Indeed, since the launch of the iPhone the net profits earned by the collection of protagonists shown was $215 billion. 60% has been earned by Apple, a newcomer to the market. That figure is also consistent on an ongoing basis, having reached 60% as early as 2011 and remained in a band around that figure since.
The fact that this happened without corresponding dominance in units shipped shows evidence of something startling: Consistent value creation.
To earn profit is hard, to do so in an outsized way is very hard and to do so with consistency shows a defensibility of market access that is rarest of all. The only cases where this typical is in a monopoly or protected market situation (aka cronyism.) Apple’s lack of market monopoly coupled with a (near-) monopoly in profits can only be explained by disproportionate value creation.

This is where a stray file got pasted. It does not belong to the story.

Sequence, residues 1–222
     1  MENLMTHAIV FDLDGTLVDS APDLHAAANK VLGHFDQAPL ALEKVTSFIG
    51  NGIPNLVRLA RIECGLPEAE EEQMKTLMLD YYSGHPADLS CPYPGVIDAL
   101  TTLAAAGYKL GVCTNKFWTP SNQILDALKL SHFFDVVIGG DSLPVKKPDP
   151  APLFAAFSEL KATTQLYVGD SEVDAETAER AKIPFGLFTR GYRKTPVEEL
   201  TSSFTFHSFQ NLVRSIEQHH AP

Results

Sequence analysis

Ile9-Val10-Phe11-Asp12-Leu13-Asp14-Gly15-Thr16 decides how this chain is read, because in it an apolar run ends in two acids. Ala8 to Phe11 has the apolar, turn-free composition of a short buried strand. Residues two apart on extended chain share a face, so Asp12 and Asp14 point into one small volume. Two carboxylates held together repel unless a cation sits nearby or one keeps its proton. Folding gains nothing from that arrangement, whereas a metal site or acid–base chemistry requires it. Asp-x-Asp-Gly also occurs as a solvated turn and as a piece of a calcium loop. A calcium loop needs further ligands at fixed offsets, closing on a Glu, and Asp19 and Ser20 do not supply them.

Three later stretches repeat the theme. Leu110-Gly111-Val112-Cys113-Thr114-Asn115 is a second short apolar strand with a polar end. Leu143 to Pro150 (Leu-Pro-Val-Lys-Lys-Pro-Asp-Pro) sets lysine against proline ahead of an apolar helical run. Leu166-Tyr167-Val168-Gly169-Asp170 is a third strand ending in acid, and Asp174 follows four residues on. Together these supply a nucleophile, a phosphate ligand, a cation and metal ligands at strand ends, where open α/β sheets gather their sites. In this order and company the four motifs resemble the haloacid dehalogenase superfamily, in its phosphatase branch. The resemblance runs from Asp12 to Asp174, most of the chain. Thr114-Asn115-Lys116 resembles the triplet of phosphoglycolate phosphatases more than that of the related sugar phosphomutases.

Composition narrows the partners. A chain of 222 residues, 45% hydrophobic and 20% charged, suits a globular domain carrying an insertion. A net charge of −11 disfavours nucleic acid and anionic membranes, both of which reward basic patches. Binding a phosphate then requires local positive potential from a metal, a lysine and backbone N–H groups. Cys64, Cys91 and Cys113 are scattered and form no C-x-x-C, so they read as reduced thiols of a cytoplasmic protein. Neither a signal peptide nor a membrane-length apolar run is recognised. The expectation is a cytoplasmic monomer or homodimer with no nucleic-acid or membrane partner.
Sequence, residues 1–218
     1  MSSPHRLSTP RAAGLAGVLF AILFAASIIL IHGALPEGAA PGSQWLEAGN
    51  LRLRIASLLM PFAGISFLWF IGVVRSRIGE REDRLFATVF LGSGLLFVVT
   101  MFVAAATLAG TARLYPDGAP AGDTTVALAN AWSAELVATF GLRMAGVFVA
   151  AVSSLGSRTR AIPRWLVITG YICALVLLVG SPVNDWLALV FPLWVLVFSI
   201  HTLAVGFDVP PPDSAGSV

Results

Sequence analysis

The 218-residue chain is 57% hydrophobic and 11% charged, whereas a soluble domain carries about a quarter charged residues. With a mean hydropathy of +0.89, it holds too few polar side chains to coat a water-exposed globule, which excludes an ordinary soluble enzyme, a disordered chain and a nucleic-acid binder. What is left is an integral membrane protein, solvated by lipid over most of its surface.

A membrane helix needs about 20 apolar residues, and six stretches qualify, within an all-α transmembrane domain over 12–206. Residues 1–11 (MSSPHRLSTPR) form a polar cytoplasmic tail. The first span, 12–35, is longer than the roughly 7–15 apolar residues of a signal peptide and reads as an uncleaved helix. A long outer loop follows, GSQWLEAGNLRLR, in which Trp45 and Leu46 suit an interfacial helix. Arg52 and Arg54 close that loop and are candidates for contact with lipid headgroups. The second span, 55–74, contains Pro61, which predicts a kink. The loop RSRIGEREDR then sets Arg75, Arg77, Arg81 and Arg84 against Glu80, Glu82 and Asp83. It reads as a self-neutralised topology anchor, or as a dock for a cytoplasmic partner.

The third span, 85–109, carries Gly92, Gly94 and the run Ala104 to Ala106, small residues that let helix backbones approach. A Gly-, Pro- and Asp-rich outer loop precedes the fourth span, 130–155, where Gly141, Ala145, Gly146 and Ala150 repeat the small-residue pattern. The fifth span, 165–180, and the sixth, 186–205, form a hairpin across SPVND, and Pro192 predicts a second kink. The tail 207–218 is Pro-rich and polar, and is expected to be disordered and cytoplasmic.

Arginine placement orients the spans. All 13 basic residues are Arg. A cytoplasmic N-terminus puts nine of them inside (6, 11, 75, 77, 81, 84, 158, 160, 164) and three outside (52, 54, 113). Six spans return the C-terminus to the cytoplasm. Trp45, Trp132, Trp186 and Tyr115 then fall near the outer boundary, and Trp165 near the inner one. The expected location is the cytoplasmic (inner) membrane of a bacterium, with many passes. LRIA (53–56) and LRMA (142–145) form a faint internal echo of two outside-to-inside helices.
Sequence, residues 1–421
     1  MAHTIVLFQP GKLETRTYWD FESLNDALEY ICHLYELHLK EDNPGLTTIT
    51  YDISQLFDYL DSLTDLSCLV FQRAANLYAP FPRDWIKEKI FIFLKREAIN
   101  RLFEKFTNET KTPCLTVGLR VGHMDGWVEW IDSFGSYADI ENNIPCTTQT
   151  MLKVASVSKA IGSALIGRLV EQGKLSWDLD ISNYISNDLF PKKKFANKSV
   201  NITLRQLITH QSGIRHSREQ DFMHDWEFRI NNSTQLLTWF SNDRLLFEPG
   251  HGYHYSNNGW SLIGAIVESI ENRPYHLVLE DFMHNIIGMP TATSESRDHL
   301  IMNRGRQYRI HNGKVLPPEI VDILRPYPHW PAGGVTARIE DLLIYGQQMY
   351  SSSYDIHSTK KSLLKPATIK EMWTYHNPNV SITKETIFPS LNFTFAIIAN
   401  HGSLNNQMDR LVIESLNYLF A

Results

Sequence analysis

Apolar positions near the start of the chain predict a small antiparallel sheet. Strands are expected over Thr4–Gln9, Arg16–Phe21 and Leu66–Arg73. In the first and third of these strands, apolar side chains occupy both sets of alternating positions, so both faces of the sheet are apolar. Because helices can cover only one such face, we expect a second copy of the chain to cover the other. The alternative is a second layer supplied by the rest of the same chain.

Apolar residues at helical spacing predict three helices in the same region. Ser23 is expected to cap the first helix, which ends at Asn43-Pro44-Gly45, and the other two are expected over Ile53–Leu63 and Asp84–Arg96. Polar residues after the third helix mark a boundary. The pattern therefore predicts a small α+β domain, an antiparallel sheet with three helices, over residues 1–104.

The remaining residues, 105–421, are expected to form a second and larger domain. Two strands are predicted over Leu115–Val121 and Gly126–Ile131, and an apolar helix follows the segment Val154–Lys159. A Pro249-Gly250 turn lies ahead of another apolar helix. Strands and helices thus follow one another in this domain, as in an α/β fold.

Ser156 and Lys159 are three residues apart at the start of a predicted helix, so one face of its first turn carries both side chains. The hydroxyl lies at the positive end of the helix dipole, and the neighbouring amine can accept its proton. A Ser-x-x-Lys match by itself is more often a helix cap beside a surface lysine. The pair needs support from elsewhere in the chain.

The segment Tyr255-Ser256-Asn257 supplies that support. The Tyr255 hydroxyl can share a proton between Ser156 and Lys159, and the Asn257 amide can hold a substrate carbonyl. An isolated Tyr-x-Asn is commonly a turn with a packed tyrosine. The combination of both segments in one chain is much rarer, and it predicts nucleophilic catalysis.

Value creation is one of those things Wall Street has a problem with because they can’t quantify value beyond the tangibles like the quality of manufacturing.
Apple perplexes analysts because they create different types of value, the most elusive being emotional value. “You can’t put a number on emotional value,” they say.
Meanwhile, Apple continues to do just that.